ADOTAS – When the announcement came down that Google had scooped up AdMob (crowning itself mobile ad king in the process), my inbox was chock full of comments from various mobile ad players who were excited about the deal, gushing that the acquisition marked the legitimacy of the mobile ad market. But I was skeptical and wondered if Adotas readers were too.
According to our latest poll, they were — 41% of respondents to our poll on the AdMob acquisition said it’s just another step in Google’s global takeover (of everything!). Soon you will be eating Google-Os for breakfast before you take the Googlebus to your Googleplex…
Twenty-seven percent agreed that it signaled the legitimacy of the mobile advertising space, while 26% just though it was business as usual — another day, another merger. Only 6% said it was a sign that consolidation within the mobile space had begun. I guess not many people expect to see any more mergers here soon.
A lot of Twitter news got commenters chatting — sluggish domestic visitor numbers encouraged Joe Buhler to quip, “It’s probably over for the most bleeding edge geekorati in search of the next next big thing for 2010. They probably left Twitter just about when Oprah discovered it….”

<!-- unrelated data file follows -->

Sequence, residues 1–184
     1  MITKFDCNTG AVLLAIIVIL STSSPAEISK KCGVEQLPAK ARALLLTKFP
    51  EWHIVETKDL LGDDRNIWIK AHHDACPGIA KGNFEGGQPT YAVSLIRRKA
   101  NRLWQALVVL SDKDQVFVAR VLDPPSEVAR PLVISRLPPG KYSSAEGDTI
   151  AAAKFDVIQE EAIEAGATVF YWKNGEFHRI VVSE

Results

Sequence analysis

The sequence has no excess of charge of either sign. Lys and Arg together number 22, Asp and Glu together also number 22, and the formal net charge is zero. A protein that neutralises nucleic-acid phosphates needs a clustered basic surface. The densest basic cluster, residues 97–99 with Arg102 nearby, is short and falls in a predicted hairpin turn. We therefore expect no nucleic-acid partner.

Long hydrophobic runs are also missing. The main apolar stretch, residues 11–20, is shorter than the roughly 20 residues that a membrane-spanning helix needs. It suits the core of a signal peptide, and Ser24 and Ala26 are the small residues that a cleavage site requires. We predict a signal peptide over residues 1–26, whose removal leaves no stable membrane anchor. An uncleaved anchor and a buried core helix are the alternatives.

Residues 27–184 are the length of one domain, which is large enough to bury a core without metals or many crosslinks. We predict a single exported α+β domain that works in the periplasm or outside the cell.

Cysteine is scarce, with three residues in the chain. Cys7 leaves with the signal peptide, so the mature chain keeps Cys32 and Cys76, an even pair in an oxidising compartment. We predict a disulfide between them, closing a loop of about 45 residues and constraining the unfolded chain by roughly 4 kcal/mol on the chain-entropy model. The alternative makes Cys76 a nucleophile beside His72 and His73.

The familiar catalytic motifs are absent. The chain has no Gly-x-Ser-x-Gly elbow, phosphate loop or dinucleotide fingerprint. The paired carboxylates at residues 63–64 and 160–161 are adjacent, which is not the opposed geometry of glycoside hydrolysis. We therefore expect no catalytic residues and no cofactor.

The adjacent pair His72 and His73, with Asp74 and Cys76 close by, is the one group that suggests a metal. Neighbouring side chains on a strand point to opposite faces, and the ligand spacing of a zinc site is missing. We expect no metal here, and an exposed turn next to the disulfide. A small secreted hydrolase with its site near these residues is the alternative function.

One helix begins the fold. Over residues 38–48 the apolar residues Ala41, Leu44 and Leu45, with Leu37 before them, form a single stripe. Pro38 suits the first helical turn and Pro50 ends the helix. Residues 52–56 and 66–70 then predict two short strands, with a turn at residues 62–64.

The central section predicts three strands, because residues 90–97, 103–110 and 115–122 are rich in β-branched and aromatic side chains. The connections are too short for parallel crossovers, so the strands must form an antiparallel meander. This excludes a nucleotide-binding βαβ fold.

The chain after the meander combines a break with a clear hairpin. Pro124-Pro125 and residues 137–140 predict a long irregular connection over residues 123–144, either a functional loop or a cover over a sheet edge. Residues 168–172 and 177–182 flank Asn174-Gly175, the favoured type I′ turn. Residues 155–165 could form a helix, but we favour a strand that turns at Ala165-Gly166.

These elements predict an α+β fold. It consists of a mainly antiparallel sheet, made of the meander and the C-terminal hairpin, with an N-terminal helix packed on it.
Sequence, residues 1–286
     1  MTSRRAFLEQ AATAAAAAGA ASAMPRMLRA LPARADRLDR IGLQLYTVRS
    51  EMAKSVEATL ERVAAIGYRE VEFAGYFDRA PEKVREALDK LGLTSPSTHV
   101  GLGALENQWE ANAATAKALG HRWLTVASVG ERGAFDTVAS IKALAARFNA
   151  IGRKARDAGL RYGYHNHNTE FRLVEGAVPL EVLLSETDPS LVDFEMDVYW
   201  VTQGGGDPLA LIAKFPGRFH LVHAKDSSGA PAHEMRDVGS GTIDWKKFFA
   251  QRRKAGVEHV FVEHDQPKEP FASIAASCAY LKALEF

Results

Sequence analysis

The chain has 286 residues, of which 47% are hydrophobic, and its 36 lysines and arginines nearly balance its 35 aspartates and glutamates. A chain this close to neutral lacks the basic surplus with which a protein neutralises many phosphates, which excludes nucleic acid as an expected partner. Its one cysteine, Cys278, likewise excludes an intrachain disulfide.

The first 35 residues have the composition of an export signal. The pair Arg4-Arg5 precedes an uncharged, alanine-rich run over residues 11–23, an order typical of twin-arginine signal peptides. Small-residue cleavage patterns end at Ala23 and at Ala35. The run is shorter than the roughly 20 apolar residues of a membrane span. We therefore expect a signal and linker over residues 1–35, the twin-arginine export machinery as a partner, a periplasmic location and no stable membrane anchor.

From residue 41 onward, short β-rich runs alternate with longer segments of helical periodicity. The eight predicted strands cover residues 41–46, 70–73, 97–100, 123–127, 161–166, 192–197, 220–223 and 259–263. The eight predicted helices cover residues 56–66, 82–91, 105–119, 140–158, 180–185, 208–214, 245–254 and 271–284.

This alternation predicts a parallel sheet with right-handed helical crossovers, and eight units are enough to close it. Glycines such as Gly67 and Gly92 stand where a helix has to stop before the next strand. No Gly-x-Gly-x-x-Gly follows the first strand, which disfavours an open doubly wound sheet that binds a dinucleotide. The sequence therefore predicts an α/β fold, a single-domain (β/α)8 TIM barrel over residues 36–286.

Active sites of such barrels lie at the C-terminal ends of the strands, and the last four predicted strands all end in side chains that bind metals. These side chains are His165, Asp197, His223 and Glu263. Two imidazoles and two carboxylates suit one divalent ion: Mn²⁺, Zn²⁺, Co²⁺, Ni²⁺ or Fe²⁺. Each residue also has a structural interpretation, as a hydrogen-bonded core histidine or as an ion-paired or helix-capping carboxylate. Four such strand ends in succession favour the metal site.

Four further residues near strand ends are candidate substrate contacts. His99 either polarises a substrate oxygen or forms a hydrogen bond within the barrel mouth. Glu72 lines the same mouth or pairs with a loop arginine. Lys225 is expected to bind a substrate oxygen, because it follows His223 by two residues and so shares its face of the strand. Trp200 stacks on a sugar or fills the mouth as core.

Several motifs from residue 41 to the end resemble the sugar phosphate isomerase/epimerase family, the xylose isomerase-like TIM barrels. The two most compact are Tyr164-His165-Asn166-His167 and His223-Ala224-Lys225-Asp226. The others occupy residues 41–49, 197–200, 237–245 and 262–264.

Concerning an article about brands ineffectively using Twitter, Ron Weinber noted, “Producing streams of engaging content is a huge challenge, just ask the TV networks. There is nothing wrong with breaths of silence in an overstimulated world, especially when your business doesn’t revolve around content production and distribution.”
However, Deanna Goldasich saw the information differently: “I definitely think that this is a sign of businesses not knowing how to Tweet effectively and how to integrate it with their other social media and marketing efforts. To use Twitter strictly as a marketing device doesn’t cut it. Corporations need to see it as a relationship device.
“Also, the ever-looming ‘what’s the ROI’ question discourages many corporate Twitter owners from aggressively using the tool,” she continued. “It’s the classic question of ‘is this worth our time?’ My response is, ‘Are customer conversations and education worth your time?’ The ROI is often relationship building (which does need to be tracked) versus $$.”
Celebrities selling out their tweets to advertisers did not surprise Lee Barratt. “This is just another Twitter Evolution, and within a few years we will probably not even Twitter as it exists today.”
Finally, the Classic Carol had a good question regarding Facebook allowing brands to target friends of its fans: “Wondering how I receive remuneration for my endorsement? Perhaps in Flair credit?”
Can you ever have enough flair? I have 20 pieces myself.